Everyone wants the answer to the age old question: How often should I train to get results?
The honest answer (as with most things) is: it depends.
The key to the question is better answered from the standpoint of how well you can recover. There's a lot of talk about over training (exceeding the physical demands that your body can sustain), but the truth is, for most people, overtraining won't be an issue. The answer lies more in the rate at which you can recover, and this will depend on a multitude of factors and will indeed be individual.
Here are some factors that will influence how often you should train
As you can see from the list it depends on quite a few things, all of which will vary from person to person.
Over time your body will build up to a better work capacity. Elite athletes for example, aren't just suddenly able to train twice per day, six times a week. They've taken years of training, building intensity up and getting to a level where their bodies can sustain a fair amount of volume and an ability to recover well from their sessions.
As a rule of thumb, the longer you’ve been training, the more capacity you have for greater workloads. If you're new to training, then recovery might take a little longer and this is why we do a full evaluation with everyone who starts on our 30 day trial – because we need to understand where you’re currently at before we can help you achieve your goals.
Monitoring how you're feeling and recovering after each session is important. Perhaps if you've trained a few days in a row and are feeling really fatigued then take a rest day.
Volume means total number of reps and sets for each body part. The more sets you perform for a particular body part, the more time you might need to recover. Generally if you're not performing as many sets, your body will be able to recover more quickly. This is also linked to your training age as with more years training under your belt, you're going to be able to recover more quickly so will be able to cope with more volume.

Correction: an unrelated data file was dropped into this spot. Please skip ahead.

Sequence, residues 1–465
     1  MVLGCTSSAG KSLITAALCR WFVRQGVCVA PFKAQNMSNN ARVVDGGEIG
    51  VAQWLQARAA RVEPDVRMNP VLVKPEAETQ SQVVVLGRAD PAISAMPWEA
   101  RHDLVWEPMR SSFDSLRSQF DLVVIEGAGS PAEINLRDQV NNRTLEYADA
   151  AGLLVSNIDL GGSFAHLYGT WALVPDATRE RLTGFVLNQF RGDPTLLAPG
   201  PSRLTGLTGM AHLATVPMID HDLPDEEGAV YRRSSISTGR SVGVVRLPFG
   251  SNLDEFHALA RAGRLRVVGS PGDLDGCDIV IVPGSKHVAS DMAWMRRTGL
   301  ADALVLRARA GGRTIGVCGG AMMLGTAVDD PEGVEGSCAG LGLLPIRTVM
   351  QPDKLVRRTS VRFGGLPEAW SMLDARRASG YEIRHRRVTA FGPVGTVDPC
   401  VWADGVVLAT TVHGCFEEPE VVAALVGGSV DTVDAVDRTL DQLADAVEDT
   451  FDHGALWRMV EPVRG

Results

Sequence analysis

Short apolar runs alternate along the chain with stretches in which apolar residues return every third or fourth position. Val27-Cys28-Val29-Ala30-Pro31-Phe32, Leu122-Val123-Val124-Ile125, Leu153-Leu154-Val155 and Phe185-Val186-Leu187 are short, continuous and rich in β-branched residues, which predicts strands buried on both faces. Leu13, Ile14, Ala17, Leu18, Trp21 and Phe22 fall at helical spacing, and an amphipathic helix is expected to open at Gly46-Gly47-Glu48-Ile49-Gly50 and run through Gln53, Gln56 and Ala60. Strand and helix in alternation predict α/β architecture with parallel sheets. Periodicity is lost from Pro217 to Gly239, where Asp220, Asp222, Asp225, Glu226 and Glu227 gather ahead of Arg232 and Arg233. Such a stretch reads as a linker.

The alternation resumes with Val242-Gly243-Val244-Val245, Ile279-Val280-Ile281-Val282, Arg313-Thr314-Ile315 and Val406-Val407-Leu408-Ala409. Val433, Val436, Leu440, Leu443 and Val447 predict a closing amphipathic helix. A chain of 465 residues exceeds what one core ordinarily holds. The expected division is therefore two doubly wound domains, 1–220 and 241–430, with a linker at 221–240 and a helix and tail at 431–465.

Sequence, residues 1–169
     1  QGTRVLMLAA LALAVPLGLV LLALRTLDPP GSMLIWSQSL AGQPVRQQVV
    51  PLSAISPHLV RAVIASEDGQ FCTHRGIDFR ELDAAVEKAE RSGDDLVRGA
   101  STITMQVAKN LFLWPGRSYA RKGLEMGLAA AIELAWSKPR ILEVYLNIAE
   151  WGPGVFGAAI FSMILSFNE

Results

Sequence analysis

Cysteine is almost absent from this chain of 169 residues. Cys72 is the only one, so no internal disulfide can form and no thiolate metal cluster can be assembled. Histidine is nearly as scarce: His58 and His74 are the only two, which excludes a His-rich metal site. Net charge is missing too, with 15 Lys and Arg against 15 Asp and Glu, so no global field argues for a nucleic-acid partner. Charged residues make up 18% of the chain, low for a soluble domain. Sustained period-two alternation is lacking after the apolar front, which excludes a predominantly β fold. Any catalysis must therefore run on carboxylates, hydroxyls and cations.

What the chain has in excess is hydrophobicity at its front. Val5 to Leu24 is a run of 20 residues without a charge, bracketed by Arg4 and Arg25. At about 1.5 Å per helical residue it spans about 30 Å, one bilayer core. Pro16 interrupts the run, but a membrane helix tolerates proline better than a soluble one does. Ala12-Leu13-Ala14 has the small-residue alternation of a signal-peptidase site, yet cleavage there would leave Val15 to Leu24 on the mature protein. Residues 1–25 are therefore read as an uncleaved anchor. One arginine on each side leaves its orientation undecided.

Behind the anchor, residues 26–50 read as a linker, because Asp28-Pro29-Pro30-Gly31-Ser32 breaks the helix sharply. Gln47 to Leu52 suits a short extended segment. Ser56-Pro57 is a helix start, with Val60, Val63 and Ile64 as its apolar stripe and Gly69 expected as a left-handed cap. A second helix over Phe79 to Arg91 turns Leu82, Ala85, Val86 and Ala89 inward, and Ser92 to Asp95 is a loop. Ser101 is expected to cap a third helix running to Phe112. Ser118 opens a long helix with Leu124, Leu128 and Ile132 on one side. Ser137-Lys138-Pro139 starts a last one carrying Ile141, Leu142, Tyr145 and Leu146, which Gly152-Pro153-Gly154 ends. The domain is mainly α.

What type of training you're doing
Exercise that is higher in intensity will place the body under greater amounts of stress and so it might take your body longer to recover. If you go to classes that are HIIT (High Intensity Interval Training) based, or include lots of plyometric (jumping) work then it's going to be more taxing on your central nervous system, joints, tendons and ligaments. Just be mindful of this way of training and see it as a supplementary training method as opposed to the main bulk of your training, especially if you want to train for long term health and minimise risk of injury.
If you’re a beginner without much training background, doing this type of training where you have fairly complex moves performed under fatigue, form is likely to breakdown and that will impact on recovery in the long term.
Generally you'll be able to recover more quickly from lower intensity training styles
Have a think about the types of training you're doing over the course of the week and try to organise your training accordingly. For example, if you are doing three strength sessions in a week, try and spread these out so that you have a rest day in between and fill the rest days either with some cardio or a circuit style class or some mobility work.
Your lifestyle: home life, work, nutrition and sleep
This is probably one of the most important factors, yet one that most people tend to overlook when considering their training and results. Many assume that it's only what you're doing inside the gym that counts, but really your training is only one part of the bigger picture and it's important to look at other factors here too as it'll have a big impact on how often you should train and might vary even week to week for the same person.
Sleep - the time in which all your hard work in training actually pays off. It's when your body rebuilds damaged muscle tissues, grows stronger and metabolises fat. If you're not getting enough quality pillow time you're not going to be able to recover well enough from your sessions, making your body feel fatigued and less able to hit the next training session with the same intensity.